Covering an election is an exciting time for journalists.
For Brighton Journalist Works NCTJ students the chance to work with Brighton’s daily newspaper, The Argus, on its coverage of the EU Referendum was a once-in-a-lifetime opportunity.
A trio of students covered the EU debate by tweeting and videoing it for the Argus live blog.
University of Sussex MA student James Aldridge focused on filming segments and general live tweeting.
He said: “With my filming I hoped to capture the drama and passionate quotes in the debate, which at times got very heated.
“My phone’s memory is quite small, so if I have to cover an event like that again I will make sure I have equipment that is fully up to the task.”
One of the key elements James remembered from his course was getting people’s details before quoting or videoing.
Working on the event helped him with his personal video project titled 18-25 Year Olds and the EU Referendum.
He added: “The debate allowed me to interview major Leave campaigners Daniel Hannan and Rory Broomfield.
“I was somewhat lacking Leave figures beforehand so talking with them was a great help in that respect.
“Seeing politicians in the flesh and conversing with them is always an interesting experience. I got a good deal of enjoyment out of that.”
NCTJ Fast Track diploma student Ginny Sanderson covered the Brexit side of the debate, focusing on MEP Mr Hannan and Better Off Out director Rory Broomfield.
She said: “I tweeted their best sound bites, which was a challenge as the debate moved on very quickly.
“It was a lively debate with the audience getting very spirited.
“It was a fantastic learning experience. I had never done a full-on live blog before. The debate lasted over an hour, so it was a really full-on tweet session.
“It felt great to be really involved in such an important political debate and to interact with members of the public and get their views on the referendum.”
“My favourite part was sitting in the midst of all the action and recording it unfold around me.”
Fellow NCTJ student Ben Perkins covered the Remain side at the debate held at the Clarendon Centre in Hove.
Attending a count after the referendum on June 23 was both an exciting and draining experience.
She wanted to be part of history by covering such a major event.
Jennifer said: “As I was extremely nervous before going – I did not realise the adrenalin I would feel when reporting.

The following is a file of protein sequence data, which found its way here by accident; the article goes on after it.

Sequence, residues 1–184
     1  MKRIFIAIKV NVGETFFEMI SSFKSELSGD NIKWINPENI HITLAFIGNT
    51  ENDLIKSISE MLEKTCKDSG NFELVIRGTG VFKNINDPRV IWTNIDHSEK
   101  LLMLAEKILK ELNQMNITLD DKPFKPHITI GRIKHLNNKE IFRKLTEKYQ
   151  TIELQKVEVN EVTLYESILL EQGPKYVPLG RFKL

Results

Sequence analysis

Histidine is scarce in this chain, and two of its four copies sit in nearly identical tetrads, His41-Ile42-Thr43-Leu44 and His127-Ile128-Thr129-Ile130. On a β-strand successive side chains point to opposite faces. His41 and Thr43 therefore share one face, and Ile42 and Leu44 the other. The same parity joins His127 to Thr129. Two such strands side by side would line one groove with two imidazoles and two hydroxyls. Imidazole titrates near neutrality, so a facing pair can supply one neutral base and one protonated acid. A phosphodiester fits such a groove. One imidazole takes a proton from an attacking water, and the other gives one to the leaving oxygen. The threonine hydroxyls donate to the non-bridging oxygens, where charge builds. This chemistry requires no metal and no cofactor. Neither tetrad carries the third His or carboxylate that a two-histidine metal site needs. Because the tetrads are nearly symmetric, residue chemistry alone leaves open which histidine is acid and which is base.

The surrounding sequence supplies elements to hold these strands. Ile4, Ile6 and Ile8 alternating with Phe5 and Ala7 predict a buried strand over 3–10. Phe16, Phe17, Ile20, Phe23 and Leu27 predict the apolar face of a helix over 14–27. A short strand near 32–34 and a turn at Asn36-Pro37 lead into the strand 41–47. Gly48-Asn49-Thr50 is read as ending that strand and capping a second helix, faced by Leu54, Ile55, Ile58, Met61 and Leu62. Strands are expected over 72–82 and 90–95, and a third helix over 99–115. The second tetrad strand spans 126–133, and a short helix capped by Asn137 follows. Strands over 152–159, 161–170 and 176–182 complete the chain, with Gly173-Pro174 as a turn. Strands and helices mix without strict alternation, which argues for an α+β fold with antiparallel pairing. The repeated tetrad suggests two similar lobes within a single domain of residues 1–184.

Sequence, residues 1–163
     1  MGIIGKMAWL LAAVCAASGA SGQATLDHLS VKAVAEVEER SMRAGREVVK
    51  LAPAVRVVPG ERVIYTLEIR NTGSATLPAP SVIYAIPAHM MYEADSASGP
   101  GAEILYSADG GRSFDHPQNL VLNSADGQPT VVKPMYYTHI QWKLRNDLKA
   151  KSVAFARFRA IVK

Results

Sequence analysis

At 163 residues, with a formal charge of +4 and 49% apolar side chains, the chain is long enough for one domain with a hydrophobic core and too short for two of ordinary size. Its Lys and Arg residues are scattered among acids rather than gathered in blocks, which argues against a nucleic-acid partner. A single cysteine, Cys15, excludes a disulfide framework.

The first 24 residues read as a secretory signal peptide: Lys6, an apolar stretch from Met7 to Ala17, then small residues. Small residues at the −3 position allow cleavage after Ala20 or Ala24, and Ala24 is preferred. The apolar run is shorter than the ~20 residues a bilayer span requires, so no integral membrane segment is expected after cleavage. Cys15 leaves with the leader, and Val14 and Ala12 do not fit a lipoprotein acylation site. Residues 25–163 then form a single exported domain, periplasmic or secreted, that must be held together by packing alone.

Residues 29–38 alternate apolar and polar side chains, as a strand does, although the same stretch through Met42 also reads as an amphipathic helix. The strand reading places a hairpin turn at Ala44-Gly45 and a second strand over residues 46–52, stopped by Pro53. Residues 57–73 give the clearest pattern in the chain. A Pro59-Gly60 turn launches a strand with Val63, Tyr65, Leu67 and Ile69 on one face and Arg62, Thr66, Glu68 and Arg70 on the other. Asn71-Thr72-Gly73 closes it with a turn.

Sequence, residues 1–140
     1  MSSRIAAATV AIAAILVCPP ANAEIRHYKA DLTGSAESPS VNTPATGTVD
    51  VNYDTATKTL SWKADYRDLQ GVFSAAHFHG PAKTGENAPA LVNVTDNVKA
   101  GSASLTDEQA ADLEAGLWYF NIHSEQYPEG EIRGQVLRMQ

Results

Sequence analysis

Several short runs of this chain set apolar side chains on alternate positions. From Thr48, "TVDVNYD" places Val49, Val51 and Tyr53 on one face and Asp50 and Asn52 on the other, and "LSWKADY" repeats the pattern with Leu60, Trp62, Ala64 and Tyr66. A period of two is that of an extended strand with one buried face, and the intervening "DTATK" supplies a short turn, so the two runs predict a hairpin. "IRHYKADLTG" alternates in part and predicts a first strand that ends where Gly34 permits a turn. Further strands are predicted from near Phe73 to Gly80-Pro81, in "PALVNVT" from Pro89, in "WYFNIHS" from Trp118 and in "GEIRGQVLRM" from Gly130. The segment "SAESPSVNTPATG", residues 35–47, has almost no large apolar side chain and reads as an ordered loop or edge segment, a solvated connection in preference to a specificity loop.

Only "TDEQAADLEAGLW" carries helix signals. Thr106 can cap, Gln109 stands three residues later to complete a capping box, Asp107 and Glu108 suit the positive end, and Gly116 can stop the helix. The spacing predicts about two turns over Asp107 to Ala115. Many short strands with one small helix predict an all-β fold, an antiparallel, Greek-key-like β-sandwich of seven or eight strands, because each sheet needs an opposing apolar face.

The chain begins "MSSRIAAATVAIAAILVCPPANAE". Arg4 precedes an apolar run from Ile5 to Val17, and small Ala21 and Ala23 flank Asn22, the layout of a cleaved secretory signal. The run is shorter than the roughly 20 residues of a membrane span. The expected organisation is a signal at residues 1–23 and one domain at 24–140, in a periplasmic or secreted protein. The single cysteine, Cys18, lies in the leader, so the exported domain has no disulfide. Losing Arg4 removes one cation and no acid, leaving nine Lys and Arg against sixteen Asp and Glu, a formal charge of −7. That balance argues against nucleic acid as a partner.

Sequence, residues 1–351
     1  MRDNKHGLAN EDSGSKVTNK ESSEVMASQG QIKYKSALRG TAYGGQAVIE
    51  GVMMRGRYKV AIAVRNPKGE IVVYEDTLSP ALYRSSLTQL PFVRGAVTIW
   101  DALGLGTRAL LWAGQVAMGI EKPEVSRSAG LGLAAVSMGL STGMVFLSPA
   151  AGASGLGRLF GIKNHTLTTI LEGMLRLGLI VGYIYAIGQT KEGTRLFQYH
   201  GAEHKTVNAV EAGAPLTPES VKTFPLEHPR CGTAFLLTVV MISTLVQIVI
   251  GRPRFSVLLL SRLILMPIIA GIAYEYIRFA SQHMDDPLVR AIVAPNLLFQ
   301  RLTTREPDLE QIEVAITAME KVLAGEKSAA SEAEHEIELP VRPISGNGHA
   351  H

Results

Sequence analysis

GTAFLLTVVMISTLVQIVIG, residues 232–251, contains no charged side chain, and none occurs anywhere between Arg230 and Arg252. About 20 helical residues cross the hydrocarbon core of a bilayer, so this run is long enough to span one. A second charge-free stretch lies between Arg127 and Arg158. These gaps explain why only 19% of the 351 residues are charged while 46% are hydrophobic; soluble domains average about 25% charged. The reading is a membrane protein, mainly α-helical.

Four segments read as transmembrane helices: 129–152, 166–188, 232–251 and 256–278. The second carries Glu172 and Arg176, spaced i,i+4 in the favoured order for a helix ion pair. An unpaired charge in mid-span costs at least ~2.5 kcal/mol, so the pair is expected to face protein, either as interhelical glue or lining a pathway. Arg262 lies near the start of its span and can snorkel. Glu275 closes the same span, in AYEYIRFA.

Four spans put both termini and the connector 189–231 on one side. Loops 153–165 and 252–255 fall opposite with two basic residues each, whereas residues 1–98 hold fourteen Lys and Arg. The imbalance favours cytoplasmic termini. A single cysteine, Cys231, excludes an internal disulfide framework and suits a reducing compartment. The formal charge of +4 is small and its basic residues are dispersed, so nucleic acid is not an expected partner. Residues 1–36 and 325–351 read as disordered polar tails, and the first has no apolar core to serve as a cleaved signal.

“I loved the multi tasking of tweeting, taking photos and videos as well as completing interviews with people.
“I realised I was able to do this and act like a journalist.
“I also received great support and direction from people there and achieved what I was there to do.
“I guess I realised I was more than capable of covering the event on my own.”
In Chichester, Calum Rutter
sat through three recounts, even though the Leave campaign secured its biggest margin of victory in the county with 62.5 per cent of the vote.
It made for a long night as he did not get home until 10am and had an exam in the afternoon.
However, he recognised the experience was a one-off.
He said: “This was (probably) a once-in-a-lifetime referendum and the chance to be involved in reporting it was exciting.
“I am particularly interested in hard, political news and it can be difficult for a trainee to cover this kind of story outside of writing on a personal blog. This was a great opportunity.”
Calum Rutter’s article in the June 25 edition of The Argus
Interviewing campaigners also gave him the chance to practise his shorthand at speed.
He added: “This was the first time my shorthand had been fast enough to take down long quotes ― some interviewees will not wait for you to catch up ― so it was useful to practise identifying the best quotes to extract, Nobody rambles like activists.”
MA student Taraneh Fathalian covered the vote in Wealden, where turnout was 80 per cent.
Sussex was split between both sides of the argument. Brighton and Hove, Mid Sussex, Horsham and Lewes voted to remain in the EU, while Rother, Eastbourne, Adur, Arun, Worthing, Wealden, Crawley and Chichester went with the national trend to leave.
Whatever happens next it is an exciting time to be a journalist as every day brings a new angle to the ongoing story.
For students at Brighton Journalist Works, the strong links with media outlets such as The Argus offer them great opportunities to gain real experience of a major news story.